A Debate on Fast-Forward

Carolyn Washburn, editor of the Des Moines Register, re-enacted the role of a kinder and gentler version of the nun in the movie The Blues Brothers, minus the habit,  as she moderated yesterday's Republican Presidential debate in Iowa. 

In a split screen format, FOX News occasionally displayed a streaming line graph of a Frank Luntz focus group's approval,  suggestive of the electronic device measuring vital signs in an Intensive Care Unit.   Had it been tracking the zest level of the event, it would have run flat line throughout most of the... well, it was labeled a "debate."  But it was more a topical smorgasbord where the diners, speakers and listeners alike moved down the serving line on roller skates, piling topics on their trays.  It was a spoonful of beans, half a peach, a chicken wing, small scoop of potato salad -- all in all, a menu for mental indigestion.  Following the flow of topics proved the Heisenberg Theory which postulated that you can't take a photo of an electron because it's moved by the time you trigger the camera.      

This was no fault of the candidates.  They were just following the rules, except for Fred Thompson, who showed more energy in this debate than in previous performances.  The highlight of the event was Thompson refusing to raise his hand to indicate whether he believed global warming is a serious threat caused by human activity.  "I'm not doing hand shows today," Thompson said. 

Sister Washburn wouldn't give him a minute to answer, so he refused to answer.  In houses all across America, folks must have applauded, because if these debates have accomplished anything, they've trivialized several serious issues by condensing answers to 15-60 seconds.   Imagine Winston Churchill limited to a 15 second response as to why it was important not to appease Hitler.  Jesus' Sermon the Mount would have been, "Just do good, okay?"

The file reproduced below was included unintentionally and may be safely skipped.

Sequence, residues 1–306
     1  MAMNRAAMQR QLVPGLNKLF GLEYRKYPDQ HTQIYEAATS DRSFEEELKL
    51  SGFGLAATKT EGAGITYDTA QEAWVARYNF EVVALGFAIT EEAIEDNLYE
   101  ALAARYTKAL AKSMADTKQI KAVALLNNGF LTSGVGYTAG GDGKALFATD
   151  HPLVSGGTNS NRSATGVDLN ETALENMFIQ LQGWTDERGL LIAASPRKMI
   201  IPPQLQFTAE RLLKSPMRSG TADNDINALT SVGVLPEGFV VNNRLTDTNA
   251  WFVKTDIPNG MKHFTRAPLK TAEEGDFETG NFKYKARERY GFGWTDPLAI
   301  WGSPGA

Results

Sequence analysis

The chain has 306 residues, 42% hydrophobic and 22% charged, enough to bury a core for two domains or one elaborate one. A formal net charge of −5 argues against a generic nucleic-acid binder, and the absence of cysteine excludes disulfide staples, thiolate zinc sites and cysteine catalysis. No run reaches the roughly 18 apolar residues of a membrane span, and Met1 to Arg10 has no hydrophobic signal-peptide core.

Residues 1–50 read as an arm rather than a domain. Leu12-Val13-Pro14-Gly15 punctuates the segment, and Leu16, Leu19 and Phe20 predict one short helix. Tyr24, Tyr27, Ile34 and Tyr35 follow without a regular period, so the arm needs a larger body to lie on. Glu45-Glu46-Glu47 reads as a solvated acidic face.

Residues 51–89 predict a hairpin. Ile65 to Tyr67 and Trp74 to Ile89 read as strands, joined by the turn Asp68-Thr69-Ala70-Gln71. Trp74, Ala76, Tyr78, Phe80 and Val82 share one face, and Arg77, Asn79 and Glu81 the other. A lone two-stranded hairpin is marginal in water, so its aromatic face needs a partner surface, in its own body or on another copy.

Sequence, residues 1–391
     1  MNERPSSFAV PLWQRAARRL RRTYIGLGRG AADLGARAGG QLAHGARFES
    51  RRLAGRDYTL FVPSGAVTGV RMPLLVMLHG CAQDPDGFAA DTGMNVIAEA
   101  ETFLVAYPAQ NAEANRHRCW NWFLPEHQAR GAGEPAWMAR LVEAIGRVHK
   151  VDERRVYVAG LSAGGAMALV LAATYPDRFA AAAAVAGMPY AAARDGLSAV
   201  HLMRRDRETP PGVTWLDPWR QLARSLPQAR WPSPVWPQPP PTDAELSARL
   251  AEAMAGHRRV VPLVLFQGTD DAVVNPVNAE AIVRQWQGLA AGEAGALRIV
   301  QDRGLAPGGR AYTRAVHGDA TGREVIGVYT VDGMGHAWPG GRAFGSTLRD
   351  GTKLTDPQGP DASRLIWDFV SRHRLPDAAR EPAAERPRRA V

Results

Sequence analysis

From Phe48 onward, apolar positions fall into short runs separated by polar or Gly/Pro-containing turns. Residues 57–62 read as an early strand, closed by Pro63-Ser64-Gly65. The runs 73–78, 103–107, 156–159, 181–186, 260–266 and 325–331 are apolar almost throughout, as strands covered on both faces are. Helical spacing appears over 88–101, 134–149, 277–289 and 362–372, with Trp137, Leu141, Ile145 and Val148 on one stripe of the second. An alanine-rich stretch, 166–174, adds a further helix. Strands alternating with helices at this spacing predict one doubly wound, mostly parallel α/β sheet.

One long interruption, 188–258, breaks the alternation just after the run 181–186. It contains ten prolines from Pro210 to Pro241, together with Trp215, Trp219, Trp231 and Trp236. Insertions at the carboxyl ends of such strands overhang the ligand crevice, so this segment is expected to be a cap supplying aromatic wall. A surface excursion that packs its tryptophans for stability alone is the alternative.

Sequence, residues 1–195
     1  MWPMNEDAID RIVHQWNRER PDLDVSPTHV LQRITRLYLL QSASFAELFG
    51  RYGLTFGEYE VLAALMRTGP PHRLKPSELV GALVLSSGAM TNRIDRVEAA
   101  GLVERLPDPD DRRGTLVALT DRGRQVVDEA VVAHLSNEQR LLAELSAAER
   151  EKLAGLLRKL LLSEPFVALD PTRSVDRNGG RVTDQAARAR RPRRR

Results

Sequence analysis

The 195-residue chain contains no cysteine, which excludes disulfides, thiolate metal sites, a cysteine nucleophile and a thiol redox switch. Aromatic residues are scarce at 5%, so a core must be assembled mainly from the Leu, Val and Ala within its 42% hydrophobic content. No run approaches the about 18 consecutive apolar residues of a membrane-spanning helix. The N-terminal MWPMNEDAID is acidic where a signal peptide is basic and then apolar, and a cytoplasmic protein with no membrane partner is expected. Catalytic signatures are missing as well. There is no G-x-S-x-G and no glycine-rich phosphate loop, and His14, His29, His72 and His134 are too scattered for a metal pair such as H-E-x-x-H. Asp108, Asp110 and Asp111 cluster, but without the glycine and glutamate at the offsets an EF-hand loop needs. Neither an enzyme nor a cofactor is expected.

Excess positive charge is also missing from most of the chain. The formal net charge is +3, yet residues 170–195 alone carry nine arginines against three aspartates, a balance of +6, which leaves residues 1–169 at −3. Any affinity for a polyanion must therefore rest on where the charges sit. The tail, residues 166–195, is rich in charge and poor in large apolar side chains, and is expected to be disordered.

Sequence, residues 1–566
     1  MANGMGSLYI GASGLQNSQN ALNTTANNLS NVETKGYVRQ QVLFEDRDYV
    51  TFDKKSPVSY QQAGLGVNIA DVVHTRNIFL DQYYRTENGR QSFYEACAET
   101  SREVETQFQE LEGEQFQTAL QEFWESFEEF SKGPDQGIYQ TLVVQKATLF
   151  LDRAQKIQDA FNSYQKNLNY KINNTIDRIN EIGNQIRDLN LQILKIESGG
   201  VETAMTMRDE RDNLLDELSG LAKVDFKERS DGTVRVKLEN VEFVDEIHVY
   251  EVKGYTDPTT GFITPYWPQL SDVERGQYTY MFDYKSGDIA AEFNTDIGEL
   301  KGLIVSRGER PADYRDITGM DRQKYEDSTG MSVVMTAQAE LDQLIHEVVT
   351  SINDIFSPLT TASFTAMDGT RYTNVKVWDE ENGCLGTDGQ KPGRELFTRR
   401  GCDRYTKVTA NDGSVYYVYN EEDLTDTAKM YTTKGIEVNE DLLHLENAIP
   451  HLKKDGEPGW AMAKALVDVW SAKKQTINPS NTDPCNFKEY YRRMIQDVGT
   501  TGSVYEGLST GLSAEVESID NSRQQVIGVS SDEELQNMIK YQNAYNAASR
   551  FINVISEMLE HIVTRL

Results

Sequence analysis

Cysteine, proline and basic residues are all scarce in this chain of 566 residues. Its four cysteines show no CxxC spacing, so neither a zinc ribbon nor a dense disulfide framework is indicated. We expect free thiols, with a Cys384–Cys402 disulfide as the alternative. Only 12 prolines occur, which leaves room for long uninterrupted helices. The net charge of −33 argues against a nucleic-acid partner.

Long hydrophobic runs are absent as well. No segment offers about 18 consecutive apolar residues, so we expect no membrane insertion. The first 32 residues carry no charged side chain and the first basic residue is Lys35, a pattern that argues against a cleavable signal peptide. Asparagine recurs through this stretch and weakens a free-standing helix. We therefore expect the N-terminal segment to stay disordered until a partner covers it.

Then Ms. Washburn allowed Senator McCain a minute to respond on global warming.  After that, chaos reigned around that topic.

Alan Keyes, newly returned to the debates it seems, offered several interesting moments by making impassioned mini-speeches only tangentially related, if at all, to the topic being discussed.   Some of the folks at home listening to him must have said "Huh?" after his statements. 

With the exception of a couple of laughs, the live audience seemed dead.  Perhaps they feared a collective rap across the knuckles if they reacted to the candidates.  Or perhaps they were mentally sprinting to keep up with the shift in topics.  Or, maybe they were just trying to conserve energy to stay warm in post-ice storm Iowa. 

Did we learn anything new about the candidates? We learned that Alan Keyes is wired tight, still energized by his losing campaign in Illinois against Barak Obama for that senate seat.  But small numbers of people, those who previously paid attention to Keyes,  already knew that. We might have learned something important, except that several significant statements flew by at warp speed: McCain will make us energy independent in five years.  Thompson said the biggest barrier to advances in education is the teachers' union.  He's not courting their votes.  There were broad tax suggestions, but I coughed a couple of times and missed them.

Last time it was the Anderson Cooper/CNN ambush; this time it was a "debate" on speed.  When will the innovative, serious adults take charge of this vetting process?